The UN on Oct. 27 adopted a resolution—hailed by disarmament campaigners as an important landmark—to launch negotiations in 2017 on a treaty outlawing nuclear weapons. The resolution was approved at a meeting of the First Committee of the General Assembly, which deals with disarmament and international security matters. A total of 123 nations voted in favor of the resolution, with 38 voting against and 16 abstaining. The resolution will set up a UN conference beginning in March next year, open to all member states, to negotiate a "legally binding instrument to prohibit nuclear weapons, leading towards their total elimination." Among the 57 co-sponsors of the resolution, Austria, Brazil, Ireland, Mexico, Nigeria and South Africa took the lead.
Nuclear weapons remain the only weapons of mass destruction not yet outlawed in a comprehensive and universal manner. Twenty years have passed since a multilateral nuclear disarmament instrument was last negotiated: the 1996 Comprehensive Nuclear-Test-Ban Treaty, which has yet to enter into legal force due to the opposition of a handful of nations. The new resolution, known as L.41 (PDF), acts on the recommendation of a UN working group that met in Geneva this year to try to revive the nuclear disarmament process.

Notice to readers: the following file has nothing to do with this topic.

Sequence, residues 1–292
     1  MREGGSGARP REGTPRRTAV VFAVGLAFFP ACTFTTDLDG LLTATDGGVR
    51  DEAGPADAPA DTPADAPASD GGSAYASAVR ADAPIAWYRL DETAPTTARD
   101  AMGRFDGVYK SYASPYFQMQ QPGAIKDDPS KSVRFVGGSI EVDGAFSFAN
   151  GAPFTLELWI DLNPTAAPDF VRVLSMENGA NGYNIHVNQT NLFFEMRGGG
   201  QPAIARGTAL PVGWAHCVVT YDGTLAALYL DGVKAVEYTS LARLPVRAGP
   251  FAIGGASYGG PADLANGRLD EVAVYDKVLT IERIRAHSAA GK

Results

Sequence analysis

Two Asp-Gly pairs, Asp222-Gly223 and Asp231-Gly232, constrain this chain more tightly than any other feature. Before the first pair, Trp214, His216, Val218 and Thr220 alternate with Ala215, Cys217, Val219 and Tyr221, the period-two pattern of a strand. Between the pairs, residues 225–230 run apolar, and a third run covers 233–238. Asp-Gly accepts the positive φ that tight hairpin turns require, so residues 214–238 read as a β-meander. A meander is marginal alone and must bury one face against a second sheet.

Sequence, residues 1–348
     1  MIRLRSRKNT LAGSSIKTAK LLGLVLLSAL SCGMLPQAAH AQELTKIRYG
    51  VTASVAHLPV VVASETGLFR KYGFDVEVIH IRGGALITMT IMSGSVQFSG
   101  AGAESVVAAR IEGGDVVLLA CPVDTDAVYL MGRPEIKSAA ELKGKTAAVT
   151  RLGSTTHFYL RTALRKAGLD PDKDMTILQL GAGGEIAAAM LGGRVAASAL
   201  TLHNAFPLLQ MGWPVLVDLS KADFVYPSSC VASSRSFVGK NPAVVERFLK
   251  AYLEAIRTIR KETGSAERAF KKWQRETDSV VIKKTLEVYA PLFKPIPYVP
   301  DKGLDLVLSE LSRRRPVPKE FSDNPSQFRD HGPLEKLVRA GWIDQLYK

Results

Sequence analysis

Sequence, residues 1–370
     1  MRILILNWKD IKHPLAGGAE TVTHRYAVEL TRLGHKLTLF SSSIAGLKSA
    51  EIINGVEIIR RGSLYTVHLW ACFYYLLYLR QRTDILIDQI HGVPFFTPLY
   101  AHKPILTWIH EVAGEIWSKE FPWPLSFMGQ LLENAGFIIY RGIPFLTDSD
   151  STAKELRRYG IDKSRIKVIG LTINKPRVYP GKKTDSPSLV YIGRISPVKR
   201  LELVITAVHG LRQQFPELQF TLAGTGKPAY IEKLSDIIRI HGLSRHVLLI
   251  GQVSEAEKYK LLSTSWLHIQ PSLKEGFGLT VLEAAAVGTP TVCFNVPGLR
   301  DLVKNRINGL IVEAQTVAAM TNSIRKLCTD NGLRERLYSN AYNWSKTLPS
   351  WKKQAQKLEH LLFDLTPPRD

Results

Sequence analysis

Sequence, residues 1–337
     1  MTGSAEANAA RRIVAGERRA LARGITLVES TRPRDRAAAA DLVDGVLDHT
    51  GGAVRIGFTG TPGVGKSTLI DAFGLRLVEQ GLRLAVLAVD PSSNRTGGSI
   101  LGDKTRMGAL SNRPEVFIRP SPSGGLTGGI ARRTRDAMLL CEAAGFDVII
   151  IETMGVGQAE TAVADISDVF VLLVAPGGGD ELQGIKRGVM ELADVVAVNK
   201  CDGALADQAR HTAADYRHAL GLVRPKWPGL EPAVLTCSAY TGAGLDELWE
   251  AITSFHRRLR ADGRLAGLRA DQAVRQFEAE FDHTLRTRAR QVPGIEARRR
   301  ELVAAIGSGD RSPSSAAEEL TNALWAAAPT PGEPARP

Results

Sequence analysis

There are still more than 15,000 nuclear weapons in the world today, mostly in the arsenals of just two nations: the United States and Russia. Seven other nations possess nuclear weapons: Britain, France, China, Israel, India, Pakistan and North Korea. Among of the nine nuclear-armed nations, only North Korea voted for the resolution. The US, Russia, Britain, France and Israel voted against. China, India and Pakistan abstained. The nations of Africa, Latin America, the Caribbean, Southeast Asia and the Pacific voted overwhelmingly in favor.
"A treaty prohibiting nuclear weapons would strengthen the global norm against the use and possession of these weapons, closing major loopholes in the existing international legal regime and spurring long-overdue action on disarmament," said Beatrice Fihn of the International Campaign to Abolish Nuclear Weapons (ICAN). Preliminary conferences in Vienna this year were attended by such figures as Setsuko Thurlow, a survivor of the Hiroshima bombing and an ICAN supporter.
Also Oct. 27, the European Parliament adopted its own resolution—415 in favor and 124 against, with 74 abstentions—inviting EU member states to "participate constructively" in next year's negotiations. Japan, despite voting against the resolution, has issed a statement expressing its intention to participate in the conference. India, despite its abstention, also said it would consider participating. (Japan Today, The Wire, India, Oct. 29; The Guardian, VOA, Japan Times, Oct. 28; ICAN, Oct. 27)